Benedict Patrick: How have things been for They Mostly Come Out At Night? That’s a tricky one. The book has been ticking over slowly, but if I’m honest I wouldn’t say that the SPFBO has made a crazy difference to the bottom line. From what I can tell the book has done slightly better than most first-time indie launches, but nothing to get crazy-excited about. However, most people who have read it (including that wonderful review from Sarah) seem to have enjoyed it.

Despite this, taking part in the SPFBO has been an amazing experience, and I no doubt that it will pay off hugely in my career’s future. The positive feedback was nice, but the contacts and camaraderie with other entrants has been the biggest boon – I know I’ve met people in the competition that I’m going to do my darnedest to keep in touch with for a long time to come. Also, I managed to get a D&D group out of the competition, something that no fantasy geek will sniff at!

DJ: The cover for They Mostly Come Out at Night was also a finalist in the Favorite Covers portion of the SPFBO 2016 and and took home 3rd place!!!!

They Mostly Come Out at Night was a GORGOUES covers, and one that I voted for as my favorite, but I have to say that Where the Water Turns Black is ever better!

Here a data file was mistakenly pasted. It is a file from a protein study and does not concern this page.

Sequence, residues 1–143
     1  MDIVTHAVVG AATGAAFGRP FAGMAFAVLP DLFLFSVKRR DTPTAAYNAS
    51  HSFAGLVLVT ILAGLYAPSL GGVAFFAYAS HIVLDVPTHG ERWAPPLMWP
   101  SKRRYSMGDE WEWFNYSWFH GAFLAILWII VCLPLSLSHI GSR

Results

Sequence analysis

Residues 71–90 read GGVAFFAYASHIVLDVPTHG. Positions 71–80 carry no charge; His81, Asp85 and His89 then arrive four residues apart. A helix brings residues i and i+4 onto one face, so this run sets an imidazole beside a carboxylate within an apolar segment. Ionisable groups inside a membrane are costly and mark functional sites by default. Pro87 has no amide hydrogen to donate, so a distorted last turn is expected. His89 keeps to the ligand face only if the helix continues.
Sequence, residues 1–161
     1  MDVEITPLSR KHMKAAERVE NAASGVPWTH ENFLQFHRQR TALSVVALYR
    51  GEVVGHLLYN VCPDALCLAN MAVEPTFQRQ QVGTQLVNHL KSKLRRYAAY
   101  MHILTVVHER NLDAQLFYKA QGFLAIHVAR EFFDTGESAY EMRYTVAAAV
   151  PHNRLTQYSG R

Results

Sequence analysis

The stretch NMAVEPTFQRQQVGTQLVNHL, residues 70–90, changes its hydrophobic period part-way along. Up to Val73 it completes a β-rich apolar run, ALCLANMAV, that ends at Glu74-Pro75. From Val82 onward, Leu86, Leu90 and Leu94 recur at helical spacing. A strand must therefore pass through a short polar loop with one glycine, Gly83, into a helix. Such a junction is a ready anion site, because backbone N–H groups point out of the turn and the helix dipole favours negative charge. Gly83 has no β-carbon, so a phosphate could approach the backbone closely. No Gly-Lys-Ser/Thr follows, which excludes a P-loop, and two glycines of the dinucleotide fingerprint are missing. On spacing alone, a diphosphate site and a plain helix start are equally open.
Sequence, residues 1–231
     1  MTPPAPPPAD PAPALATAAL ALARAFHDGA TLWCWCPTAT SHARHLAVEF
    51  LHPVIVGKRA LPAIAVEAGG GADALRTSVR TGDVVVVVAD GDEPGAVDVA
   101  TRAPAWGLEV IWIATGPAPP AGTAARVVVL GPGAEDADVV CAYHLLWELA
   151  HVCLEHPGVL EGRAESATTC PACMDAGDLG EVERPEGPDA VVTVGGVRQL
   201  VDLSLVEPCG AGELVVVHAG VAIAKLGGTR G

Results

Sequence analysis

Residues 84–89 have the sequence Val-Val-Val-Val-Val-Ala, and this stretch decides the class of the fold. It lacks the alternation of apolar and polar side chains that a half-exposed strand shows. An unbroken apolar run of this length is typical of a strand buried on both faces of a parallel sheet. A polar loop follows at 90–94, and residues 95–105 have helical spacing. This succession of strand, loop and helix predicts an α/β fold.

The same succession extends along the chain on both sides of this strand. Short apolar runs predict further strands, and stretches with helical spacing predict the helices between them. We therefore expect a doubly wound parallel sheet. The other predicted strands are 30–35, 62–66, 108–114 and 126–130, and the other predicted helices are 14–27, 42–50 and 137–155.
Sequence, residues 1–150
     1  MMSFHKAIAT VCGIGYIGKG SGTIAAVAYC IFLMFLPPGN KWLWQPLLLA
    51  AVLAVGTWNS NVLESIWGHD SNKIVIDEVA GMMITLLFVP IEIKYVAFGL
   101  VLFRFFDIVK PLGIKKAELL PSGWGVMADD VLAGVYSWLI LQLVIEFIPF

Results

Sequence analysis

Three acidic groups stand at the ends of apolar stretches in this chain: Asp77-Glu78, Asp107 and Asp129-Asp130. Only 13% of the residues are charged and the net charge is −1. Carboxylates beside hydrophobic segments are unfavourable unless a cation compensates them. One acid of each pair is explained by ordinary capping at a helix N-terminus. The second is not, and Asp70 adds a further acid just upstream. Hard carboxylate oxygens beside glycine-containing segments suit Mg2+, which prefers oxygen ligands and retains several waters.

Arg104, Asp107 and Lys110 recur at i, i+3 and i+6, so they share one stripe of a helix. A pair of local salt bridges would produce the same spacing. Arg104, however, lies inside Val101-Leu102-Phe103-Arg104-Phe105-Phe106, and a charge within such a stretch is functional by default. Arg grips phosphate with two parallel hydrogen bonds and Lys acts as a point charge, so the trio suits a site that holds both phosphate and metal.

Who is the artist who does these covers, and how much do you love work she does?


Benedict Patrick: My covers are by Jenny at . Remember when I said that my first book did slightly better than most first-time indies? She is the number one reason. Jenny is a pure alchemist when it comes to cover art. It was actually a book that she designed the cover for – Thorn by Intisar Khanani (Jenny’s first book cover, I believe) – that convinced to me look into indie publishing as a way of getting my writing out into the world.

DJ: When I read, I love to collect quotes – whether it be because they’re funny, foodie, or have a personal meaning to me. Do you have any favorite quotes from Where the Water Turns Black that you can share with us?

Benedict Patrick: I might get in trouble for this, but here goes… My family is a golfing family. My dad was particularly enthusiastic about it, and two of my four younger brothers followed in his footsteps with great enthusiasm. I grew to hate the sport, mainly become it felt like our dinner conversations kept drifting back to it. Anyway, when Kaimana revisits her family – a family of fishing Knacks – this is what she experiences:

More and more, their conversation turned away from interesting news about themselves and their friends, and turned to fishing, and their successes when fishing, and interesting facts about fishing if you happened to be remotely interested in fishing.